COGNITIVE BEHAVIORAL THERAPY (CBT)
A type of talk therapy used in the treatment of various behavioral health problems. It is a proven, highly-effective treatment for substance abuse disorders and used regularly in addiction treatment programs.
The Clinical Stabilization Services at Psyclarity Health Massachusetts offer gender-responsive rehabilitation for male professionals, provides patient-centric addiction treatment programs. Our on-site team of addiction treatment professionals includes doctors, nurses, therapists and case managers who work together to assess and adjust each patient’s program when necessary. They implement protocols, such as Detoxification for safe, medication-assisted detox and addiction treatment using supervised medical interventions to address the physical effects of addiction efficiently. This is followed by CBT to help patients identify the causes of substance abuse and learn ways of coping with them. The goal of therapy is to address and treat the psychological and emotional effects of addiction, as well as any co-occurring disorders.
CBT can be used in treating a variety of mental health problems, including:
- Substance Abuse Treatment
- Attention Deficit Disorder (ADD)
- Bipolar Disorder
USING CBT TO TREAT SUBSTANCE USE DISORDER
Cognitive Behavioral Therapy utilizes a range of different techniques, from cognitive modalities that address thought processes to behavioral approaches. Therapists use these methods to show a person how to recognize the automatic, usually irrational thought processes that are behind many negative actions or emotions, which are often developed as a result of past experiences that elicit feelings of fear or self-doubt, even though the feelings are not appropriate to current circumstances.
Depression and anxiety disorders regularly present as symptoms of these thought patterns, and people seek out ways of suppressing their painful feelings that can be dysfunctional, causing many substance abuse users to turn to drugs or alcohol as a means of dealing with overwhelming emotions.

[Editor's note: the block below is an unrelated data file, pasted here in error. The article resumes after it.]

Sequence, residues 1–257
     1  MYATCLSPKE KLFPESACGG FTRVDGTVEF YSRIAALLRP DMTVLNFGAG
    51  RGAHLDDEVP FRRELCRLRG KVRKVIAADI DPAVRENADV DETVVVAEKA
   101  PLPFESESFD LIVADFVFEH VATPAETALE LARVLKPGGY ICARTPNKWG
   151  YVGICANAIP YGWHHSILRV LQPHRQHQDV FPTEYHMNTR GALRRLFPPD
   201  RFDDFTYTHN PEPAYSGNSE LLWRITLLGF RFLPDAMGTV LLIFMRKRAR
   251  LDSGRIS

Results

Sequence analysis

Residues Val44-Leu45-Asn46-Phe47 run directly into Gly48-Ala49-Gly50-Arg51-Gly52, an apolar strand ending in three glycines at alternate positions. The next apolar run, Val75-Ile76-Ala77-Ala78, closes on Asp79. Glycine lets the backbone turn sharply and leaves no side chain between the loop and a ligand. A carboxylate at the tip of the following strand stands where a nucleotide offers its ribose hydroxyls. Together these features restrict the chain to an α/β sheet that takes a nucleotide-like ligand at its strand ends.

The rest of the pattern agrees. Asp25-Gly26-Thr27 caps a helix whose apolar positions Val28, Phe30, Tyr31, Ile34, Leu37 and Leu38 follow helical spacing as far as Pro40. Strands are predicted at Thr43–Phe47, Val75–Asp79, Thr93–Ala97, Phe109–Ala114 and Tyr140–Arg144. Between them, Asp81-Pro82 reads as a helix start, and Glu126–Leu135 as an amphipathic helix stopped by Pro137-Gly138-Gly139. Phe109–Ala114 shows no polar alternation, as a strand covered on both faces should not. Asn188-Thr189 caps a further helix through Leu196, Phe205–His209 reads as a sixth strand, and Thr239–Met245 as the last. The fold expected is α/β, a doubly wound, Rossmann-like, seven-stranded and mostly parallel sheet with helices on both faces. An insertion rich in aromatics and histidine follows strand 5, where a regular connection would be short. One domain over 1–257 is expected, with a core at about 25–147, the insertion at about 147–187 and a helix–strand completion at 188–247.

But by showing a person how to identify the root causes of their skewed self-perception, CBT helps them to learn how to process their thoughts more positively and behave in a way that is less self-destructive, helping them understand and address hurtful memories, reduce painful emotions they bring up, and minimize the need to mask these feelings with substance use.
When identifying issues, a counselor may guide the person through a conversation to question their behavior and feelings at the time, for instance, a therapist may ask the patient about their most recent experience to learn what they were doing before using the substance, how they were feeling, and what may have happened before.
This can provide the therapist with insight into the specific circumstances and feelings that may result in substance abuse. Once this is established, the therapist may delve further by asking if the patient believed the behavior had a positive or negative outcome, and whether these consequences were a solution in the long-term. This closer examination of situations can allow a person to break down each stage of their descent into addiction and recognize how misperceptions may have led them there.
Once underlying causes are identified, patients acquire new coping mechanisms to use instead of relying on alcohol or drugs, sometimes this can be as simple as being able to understand situations more clearly through better communication. Cognitive Behavioral Therapy gives patients the skills to help reject incorrect perceptions and insecurities that trigger substance abuse, to improve their self-esteem, and to be able to communicate so that they avoid the misinterpretation of situations.
By understanding how negative thoughts and behavior impact their recovery, people can focus on the patterns that give them better chances of success. They are also able to identify the situations that might trigger a craving and ultimately lead to a relapse. According to information provided by the National Institute on Drug Abuse, CBT assists with controlling trigger reactions in three ways:
- Recognizing the situations that result in substance abuse
- Avoiding these situations wherever possible
- Coping with the feelings that may arise by implementing better coping techniques
While these skills are learned with the assistance of a qualified cognitive behavioral therapist, they are techniques that can be practiced and refined outside of the therapist’s office. This empowers the patient to take control of their emotional reactions and subsequent behavior, leading to improved self-esteem and feelings of accomplishment. When a person believes that they are, in fact, in control of their lives to some degree, there is a better chance of resisting temptation. CBT can be used in conjunction with other treatments such as group therapy, which has the added benefit of providing a long-term support network. Other techniques, such as journaling, breathing exercises, and guided meditation, may also be beneficial in addiction treatment.
Since CBT is a structured program with specific goals focused on learning how to manage immediate problems, the program can be completed within 12 to 16 sessions. This provides a relatively short-term solution to a potentially life-threatening condition, making cognitive behavioral therapy a valuable tool in addiction treatment programs. To find out about the other types of treatment available at Psyclarity Health, get in touch with us today.